On The Ropes
Social care provision under austerity
Author: Joe Fyans |
On The Ropes
Social Care Provision Under Austerity
The increased pressure placed on local authorities under the period of austerity since 2010 has been well rehearsed, but how well have local authorities as a whole managed under the strain? This short report examines some of the evidence available on one crucial line of service: social care.
The analysis shows most users of adult social care nationally remain satisfied with their care and support – with some authorities even managing to increase satisfaction among users – despite funding cuts.
However, the report suggests that in addition to adult social care pressures, complex and interlinked problems associated with rough sleeping and the ‘hidden homeless’, mental health, child poverty and the increase in numbers of looked after children threaten to overburden authorities unless greater fiscal headroom is granted in the next Spending Review period.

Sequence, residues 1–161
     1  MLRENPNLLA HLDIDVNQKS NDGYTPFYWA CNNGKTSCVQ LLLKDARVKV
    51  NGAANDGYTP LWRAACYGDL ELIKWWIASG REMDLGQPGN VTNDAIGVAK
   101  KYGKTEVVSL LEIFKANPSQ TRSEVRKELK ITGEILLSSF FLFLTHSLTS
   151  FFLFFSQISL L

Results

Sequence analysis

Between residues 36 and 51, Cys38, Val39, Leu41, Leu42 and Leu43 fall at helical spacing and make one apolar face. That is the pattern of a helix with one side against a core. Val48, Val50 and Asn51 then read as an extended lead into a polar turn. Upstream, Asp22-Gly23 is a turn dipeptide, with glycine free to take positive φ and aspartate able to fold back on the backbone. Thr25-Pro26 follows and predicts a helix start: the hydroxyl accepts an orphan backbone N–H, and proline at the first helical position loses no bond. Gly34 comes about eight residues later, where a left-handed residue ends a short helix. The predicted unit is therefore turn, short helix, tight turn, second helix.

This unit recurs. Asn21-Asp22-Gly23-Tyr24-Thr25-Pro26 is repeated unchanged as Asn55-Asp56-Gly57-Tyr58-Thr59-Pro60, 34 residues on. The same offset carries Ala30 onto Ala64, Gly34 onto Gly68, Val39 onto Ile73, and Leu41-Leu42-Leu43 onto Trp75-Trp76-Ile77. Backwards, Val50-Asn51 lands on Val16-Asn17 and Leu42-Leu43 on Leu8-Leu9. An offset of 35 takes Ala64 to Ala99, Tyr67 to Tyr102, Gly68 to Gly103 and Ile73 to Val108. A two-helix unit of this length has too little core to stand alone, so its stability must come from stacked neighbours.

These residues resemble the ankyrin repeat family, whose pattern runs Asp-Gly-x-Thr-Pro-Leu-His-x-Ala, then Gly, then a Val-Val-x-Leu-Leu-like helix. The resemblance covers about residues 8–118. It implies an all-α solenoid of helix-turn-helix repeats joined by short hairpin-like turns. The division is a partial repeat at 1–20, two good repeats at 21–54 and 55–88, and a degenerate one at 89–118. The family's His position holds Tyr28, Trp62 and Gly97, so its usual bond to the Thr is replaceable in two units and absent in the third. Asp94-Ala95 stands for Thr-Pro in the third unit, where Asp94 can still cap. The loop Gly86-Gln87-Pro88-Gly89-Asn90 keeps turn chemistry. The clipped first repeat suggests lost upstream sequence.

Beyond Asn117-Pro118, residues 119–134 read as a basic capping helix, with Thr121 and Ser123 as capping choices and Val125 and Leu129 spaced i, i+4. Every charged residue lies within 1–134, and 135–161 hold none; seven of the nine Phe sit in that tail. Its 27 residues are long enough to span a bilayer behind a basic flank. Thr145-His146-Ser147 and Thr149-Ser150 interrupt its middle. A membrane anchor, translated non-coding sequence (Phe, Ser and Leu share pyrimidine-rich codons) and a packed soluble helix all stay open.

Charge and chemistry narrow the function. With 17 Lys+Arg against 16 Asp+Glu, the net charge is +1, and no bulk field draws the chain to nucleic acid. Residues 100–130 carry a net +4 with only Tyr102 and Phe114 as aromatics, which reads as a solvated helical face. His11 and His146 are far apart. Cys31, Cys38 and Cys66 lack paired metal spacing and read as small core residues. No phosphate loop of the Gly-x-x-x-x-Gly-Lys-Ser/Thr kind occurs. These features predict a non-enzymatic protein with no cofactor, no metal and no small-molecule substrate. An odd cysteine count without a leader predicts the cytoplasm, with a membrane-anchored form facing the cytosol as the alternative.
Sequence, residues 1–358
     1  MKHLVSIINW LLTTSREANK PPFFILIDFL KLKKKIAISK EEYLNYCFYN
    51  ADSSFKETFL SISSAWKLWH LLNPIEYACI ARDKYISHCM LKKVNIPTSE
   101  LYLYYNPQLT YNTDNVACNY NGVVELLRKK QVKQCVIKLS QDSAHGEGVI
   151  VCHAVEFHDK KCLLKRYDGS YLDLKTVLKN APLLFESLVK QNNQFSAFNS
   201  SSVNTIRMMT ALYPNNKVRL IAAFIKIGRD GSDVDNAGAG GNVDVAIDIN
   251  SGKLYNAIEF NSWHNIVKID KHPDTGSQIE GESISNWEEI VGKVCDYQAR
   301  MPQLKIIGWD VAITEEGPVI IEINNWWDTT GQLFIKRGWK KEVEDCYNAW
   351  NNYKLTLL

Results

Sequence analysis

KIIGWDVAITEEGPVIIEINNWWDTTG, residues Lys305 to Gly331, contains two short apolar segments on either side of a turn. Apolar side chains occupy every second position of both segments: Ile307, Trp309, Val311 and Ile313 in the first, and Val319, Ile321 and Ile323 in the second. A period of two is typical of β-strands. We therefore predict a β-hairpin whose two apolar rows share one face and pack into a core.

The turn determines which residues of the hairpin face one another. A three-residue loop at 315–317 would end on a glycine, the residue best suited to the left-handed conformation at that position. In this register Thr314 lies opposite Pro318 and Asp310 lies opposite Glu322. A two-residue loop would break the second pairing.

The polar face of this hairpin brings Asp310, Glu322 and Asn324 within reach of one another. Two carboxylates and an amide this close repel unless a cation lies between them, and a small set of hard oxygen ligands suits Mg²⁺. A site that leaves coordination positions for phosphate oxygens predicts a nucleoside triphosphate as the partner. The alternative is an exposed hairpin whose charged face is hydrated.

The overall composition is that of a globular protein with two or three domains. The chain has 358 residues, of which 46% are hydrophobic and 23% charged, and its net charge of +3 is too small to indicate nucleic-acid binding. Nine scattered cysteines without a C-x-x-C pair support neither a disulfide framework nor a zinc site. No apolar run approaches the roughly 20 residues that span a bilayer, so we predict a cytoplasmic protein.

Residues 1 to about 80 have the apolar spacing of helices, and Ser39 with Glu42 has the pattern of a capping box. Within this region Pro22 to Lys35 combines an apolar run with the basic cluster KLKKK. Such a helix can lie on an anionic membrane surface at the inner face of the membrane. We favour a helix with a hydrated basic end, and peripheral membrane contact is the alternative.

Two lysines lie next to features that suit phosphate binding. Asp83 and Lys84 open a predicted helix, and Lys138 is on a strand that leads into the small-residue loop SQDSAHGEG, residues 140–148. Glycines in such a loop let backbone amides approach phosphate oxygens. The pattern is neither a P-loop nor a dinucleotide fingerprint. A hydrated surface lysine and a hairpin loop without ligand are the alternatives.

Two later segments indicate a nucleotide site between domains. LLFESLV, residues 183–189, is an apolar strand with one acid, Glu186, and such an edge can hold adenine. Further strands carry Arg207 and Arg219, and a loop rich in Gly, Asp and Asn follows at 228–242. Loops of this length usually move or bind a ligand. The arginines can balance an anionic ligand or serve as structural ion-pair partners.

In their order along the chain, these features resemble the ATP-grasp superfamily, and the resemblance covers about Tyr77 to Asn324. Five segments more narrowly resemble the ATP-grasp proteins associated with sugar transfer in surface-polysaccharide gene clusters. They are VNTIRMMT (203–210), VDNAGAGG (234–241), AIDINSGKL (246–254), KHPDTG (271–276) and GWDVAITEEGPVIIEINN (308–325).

- The evidence evaluated shows the strain local authorities have been placed under, and the often remarkable work they have done to manage it. Nevertheless, the state of children’s services and increasing problems with providing proper care to people with adult social care needs calls for a change.
- For the social care system to be sustainable, local authorities need better funding from government and, crucially, the ability to raise money themselves. The
evidence laid out in this paper shows that the vast majority of local authorities have a good grasp on their priorities and services and have striven to deliver them in spite of austerity measures.